Happy Caturday from Benji!

You may have seen this one before but it’s one of my favorites.

Happy Caturday from Benji! 🙂

~ Susanne

The Ultimate Road Trip – Down the Oregon Coast

My dear hubby and traveling companion mentioned recently that he’d like to take a trip down the Oregon Coast.

“It’s been a while,” he said.

I laughed.

Actually, it hasn’t. We went twice last year; and every year before as long as I can remember.

My reply: “How about this fall?”

Why not, it’s a classic!

Just cross the bridge from Washington over the Columbia River and you’re in Astoria, ready to take the scenic route on 101 for the next 364 miles!

The hard part will be deciding where to stop and for how long. You’ll be tempted by every beach and small town you see and there’s an endless supply of both.

Click on pictures in the galleries to enlarge

Don’t forget the lighthouses, unique and beautiful. You have 11 to choose from – here’s a few.

And what’s a trip to the coast without stopping at the Oregon Dunes, “one of the largest expanses of temperate coastal sand dunes in the world,” according to the U.S. Forest Service website. Enjoy the views from the overlooks, take a hike or two, or if you prefer, rent a dune buggy!

And while you’re making your way through paradise don’t forget to enjoy the sunsets over the Pacific.

I can hardly wait.

Sharing with Sunday Stills.

~ Susanne

Busy Bees and Elusive Butterflies

We finally got the heat wave the rest of the country has been experiencing. Yesterday it was a blazing hot 97 degrees and we’re still expecting temperatures in the mid-nineties the rest of the week. It’s been too hot in my office to blog.

But today I was up early with the windows open and cool air coming in so I thought I’d bring you some pictures while I can.

It may be too hot for me, but the bees seem to be thriving.

And I’ve been tracking the elusive butterfly for several weeks now.

I’ve seen one or more swallowtails fluttering around in the garden high among the trees, teasing me it seems. I have lots of pictures like this. 😉

Still, I’ve been persistent and finally saw one land and stay still long enough for me to get some pictures.

When it did, I noticed its tail seemed a bit ragged.

Do these beautiful creatures fight? Did a bird take a bite?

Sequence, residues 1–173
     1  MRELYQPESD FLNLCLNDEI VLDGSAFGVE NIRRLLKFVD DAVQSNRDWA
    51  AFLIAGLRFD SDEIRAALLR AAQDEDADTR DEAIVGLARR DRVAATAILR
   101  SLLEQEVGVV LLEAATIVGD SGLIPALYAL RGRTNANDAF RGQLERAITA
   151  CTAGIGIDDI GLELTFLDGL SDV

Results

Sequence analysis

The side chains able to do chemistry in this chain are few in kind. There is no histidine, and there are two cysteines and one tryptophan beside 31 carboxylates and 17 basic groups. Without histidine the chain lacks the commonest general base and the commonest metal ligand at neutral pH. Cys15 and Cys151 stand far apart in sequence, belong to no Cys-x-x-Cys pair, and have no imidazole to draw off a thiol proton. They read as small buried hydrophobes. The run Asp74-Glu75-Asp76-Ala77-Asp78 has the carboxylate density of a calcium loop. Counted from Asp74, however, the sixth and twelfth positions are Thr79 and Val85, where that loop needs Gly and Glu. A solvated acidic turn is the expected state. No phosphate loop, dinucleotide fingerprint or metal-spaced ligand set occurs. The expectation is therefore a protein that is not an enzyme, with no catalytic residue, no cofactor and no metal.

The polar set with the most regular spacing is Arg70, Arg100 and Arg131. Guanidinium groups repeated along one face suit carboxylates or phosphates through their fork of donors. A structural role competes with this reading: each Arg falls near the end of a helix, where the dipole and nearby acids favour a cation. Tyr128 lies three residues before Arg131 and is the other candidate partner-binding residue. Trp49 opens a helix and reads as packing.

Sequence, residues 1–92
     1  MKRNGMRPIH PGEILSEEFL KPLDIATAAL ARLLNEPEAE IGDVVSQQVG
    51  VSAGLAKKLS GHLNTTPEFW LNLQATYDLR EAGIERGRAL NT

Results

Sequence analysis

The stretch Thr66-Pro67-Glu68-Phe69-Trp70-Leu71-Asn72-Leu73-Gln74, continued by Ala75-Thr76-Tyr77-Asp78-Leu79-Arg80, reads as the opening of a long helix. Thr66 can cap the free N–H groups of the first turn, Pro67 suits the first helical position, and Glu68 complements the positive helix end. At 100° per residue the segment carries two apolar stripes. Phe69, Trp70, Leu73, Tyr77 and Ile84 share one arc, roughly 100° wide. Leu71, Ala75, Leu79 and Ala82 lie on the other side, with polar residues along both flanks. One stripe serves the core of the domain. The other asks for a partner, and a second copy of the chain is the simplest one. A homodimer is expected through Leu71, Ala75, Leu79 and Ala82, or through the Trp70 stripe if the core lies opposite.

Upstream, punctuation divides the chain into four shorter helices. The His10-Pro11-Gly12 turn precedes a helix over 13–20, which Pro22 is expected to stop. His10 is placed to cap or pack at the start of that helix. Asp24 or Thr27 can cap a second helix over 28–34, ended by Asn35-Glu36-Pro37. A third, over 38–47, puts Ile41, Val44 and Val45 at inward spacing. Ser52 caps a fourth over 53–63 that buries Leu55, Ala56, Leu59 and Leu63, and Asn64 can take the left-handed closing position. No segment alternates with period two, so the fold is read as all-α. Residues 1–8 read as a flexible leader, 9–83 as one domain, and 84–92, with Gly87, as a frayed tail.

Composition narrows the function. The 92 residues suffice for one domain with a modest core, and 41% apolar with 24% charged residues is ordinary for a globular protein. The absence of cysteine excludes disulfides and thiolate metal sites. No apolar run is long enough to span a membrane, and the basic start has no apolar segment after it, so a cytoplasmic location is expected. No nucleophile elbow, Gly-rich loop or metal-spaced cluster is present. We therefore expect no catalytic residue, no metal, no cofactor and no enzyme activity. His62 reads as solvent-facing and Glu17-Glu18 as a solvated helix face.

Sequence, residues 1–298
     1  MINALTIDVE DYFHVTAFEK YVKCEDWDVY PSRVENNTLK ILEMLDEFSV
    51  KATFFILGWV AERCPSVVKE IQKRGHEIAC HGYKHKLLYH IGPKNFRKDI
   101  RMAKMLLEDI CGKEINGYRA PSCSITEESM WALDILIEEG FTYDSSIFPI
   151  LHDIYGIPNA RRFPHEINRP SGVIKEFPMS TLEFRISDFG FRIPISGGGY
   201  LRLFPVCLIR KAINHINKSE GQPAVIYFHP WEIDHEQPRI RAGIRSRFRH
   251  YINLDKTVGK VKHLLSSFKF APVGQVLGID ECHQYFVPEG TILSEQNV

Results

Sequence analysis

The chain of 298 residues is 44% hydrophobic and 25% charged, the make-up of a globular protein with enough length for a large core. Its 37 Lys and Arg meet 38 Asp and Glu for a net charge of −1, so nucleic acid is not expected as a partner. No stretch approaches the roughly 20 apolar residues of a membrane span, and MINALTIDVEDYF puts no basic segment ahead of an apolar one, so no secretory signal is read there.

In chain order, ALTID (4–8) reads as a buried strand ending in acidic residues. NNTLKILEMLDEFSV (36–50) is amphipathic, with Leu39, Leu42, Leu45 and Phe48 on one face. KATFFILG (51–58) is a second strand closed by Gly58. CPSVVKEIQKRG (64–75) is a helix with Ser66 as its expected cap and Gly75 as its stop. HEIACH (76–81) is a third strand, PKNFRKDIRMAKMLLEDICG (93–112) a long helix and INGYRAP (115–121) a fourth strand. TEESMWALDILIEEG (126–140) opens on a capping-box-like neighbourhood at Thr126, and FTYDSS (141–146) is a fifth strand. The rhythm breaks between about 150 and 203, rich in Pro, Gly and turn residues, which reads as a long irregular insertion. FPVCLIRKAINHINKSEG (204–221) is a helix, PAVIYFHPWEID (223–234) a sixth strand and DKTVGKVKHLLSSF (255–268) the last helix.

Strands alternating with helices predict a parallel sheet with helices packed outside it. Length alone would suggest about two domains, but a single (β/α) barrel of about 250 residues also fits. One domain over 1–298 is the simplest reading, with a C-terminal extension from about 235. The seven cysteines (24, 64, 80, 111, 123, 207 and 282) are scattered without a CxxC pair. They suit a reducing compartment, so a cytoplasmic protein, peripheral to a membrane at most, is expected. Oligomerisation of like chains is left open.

Apparently, it’s not uncommon for them to have some damage on their wings and continue to fly and function.

Hopefully I’ll get more photos of them whole, but this will do for now.

~ Susanne

Outside at Last – A Reminiscence from Tiger

A true cat tale from the Tiger archives.

* * * *

This was some years ago when I”d been rescued from the cat jail and was settling into my new home.

I was relaxing on Sue’s desk when I felt a strange tingling on my neck and knew I was being watched.

I turned around and saw black eyes peering at me through the window.

zoo bear raccoon saeugentier
Photo by Pixabay on Pexels.com

I was not afraid, no not I, but Sue came unglued and started yelling, “Bob!  There’s a raccoon on our roof!”

The next thing you know Bob’s pumping up the BB gun, running outside to scare off the old bandit. It took me a while to settle down after all the commotion but settle down I did and pondered – there really are raccoons! 

What else was out there?  Up till then I’d been an “indoor cat” – I even hate the name, no offense to the rest of the kingdom. In my previous lives, I wasn’t allowed to go outside – not even a short walk in a fenced yard. Never got to hunt in the wild like my ancestors did or jump in the air to grab a flying creature.  Instead, I had to content myself with a stray spider in the house, a slow-moving housefly or worse yet, chittering at crows and squirrels through the window.

Well, I thought, this raccoon may set back any efforts to go outside.  Still, I vowed to continue working on it so day by day, I stood by the sliding glass door, crying pitifully, with sad eyes.  I promised I would stay inside the fence and always come in at night when called.  (Uh-huh.)  And as the days grew longer and the sun grew brighter and the squirrels began running frantically to and fro, begging me to come out and play, Bob and Sue FINALLY opened the door! 

And for that I will always be grateful.

~ Tiger

Scenes from Hood Canal – Dosewallips, Bald Eagles, and Camp Parsons